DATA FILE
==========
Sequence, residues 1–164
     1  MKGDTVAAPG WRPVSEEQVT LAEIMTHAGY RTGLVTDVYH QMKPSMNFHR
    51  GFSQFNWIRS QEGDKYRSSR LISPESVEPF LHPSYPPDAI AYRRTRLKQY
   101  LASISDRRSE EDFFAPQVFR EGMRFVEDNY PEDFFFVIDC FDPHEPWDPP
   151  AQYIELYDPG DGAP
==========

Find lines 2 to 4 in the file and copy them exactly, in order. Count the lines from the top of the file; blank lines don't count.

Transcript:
     1  MKGDTVAAPG WRPVSEEQVT LAEIMTHAGY RTGLVTDVYH QMKPSMNFHR
    51  GFSQFNWIRS QEGDKYRSSR LISPESVEPF LHPSYPPDAI AYRRTRLKQY
   101  LASISDRRSE EDFFAPQVFR EGMRFVEDNY PEDFFFVIDC FDPHEPWDPP